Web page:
One of our own alumni who has been so successful yet so humble and loves everything about his job,” said WKU HMD major Sydney A. Cordes. “To me, that was one of the most eye opening parts of the trip. Someone from a small city of Bowling Green can make it big in an even bigger city of Las Vegas. (Opportunity) allowed me to see that with enough hard work, dedication, and perseverance, I can do whatever I set my mind to.

I was honored to be a part of this trip. The exposure and knowledge imparted from these successful leaders to our students was spectacular. This experience has already opened doors and opportunities for our students. The future is very bright indeed.

 

Warm Regards,

 

 

Neale

 

City of Lights: WKU Study Away in Las Vegas

The holidays have come and gone and we are currently in preparation mode for a great 2017 academic year on the Hill! The year is starting off quite nicely as I will be heading out to Las Vegas, Nevada January 10 -13. This trip will not be marked with pool lounging and great shows, but rather, it will be a wonderful opportunity to join a group of our WKU students who will be participating in a WKU Study Away experience in the city of lights, to explore all facets of the hospitality industry that this spectacular city has to offer.

This Study Away experience will be led by two of our faculty that teach within the WKU College of Health and Human Services’ (CHHS) Department of Family and Consumer Sciences (FACS); Ms. Ann Embry and Ms. Amanda Skinner. Skinner and Embry will lead the students on an eight-day excursion visiting hotels, restaurants, casinos, suppliers, event venues and popular tourist attractions. The course will include exposure to management styles of various industry facilities, marketing strategies that are used within the hospitality industry, comparative analysis between various types of establishments in the industry, and learning operational and logistical management in the hospitality industry. There will also be a special emphasis on careers related to the fields of: communication, marketing, sales, recreation, fashion, interior design, event management, hospitality restaurant, and/or business.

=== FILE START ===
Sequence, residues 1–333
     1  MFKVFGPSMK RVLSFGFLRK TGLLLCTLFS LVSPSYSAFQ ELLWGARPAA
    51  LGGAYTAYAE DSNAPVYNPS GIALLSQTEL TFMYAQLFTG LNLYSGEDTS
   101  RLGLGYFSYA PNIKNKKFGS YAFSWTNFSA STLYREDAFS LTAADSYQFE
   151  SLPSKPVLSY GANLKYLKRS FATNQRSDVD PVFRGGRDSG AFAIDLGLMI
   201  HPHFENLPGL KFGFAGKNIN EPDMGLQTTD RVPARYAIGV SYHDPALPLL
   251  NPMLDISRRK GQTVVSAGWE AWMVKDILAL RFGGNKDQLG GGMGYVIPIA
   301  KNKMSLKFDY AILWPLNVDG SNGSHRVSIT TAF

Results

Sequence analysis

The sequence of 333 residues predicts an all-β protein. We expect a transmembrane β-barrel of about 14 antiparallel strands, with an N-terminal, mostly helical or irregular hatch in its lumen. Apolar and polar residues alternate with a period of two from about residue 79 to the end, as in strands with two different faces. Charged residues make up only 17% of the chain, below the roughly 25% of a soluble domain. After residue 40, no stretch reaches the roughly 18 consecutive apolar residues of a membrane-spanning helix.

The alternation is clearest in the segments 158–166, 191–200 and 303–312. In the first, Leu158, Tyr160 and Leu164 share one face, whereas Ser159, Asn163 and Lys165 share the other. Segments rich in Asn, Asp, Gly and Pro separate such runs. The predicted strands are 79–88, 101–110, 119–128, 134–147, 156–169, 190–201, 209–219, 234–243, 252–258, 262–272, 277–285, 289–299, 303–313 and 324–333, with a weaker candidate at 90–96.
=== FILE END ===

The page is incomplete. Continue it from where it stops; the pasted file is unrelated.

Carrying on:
As mentioned in my prior blogs (i.e. Experiential Learning: Students and Community Benefit), I am a huge proponent of experiential learning opportunities for our students. As a popular topic in higher education, experiential learning, which is the expression of “learning from doing”, enhances positive outcomes, including student learning, on-time graduation, and seamless transition into the workforce. This will be a great opportunity for both our students and for the hospitality industry as we are empowering students to be well-equipped for this career field.